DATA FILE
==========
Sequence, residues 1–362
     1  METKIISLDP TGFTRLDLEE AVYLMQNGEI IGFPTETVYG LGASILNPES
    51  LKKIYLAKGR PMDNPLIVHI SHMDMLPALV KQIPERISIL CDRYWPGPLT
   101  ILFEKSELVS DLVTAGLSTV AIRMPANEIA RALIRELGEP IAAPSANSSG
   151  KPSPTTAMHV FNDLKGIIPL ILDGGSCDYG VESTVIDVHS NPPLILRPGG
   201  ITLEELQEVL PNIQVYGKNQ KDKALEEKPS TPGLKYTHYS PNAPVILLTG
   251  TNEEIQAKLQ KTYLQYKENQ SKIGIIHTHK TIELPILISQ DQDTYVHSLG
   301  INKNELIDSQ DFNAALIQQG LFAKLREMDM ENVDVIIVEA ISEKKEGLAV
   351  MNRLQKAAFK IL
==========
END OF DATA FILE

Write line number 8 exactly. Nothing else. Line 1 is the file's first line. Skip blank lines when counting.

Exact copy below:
   301  INKNELIDSQ DFNAALIQQG LFAKLREMDM ENVDVIIVEA ISEKKEGLAV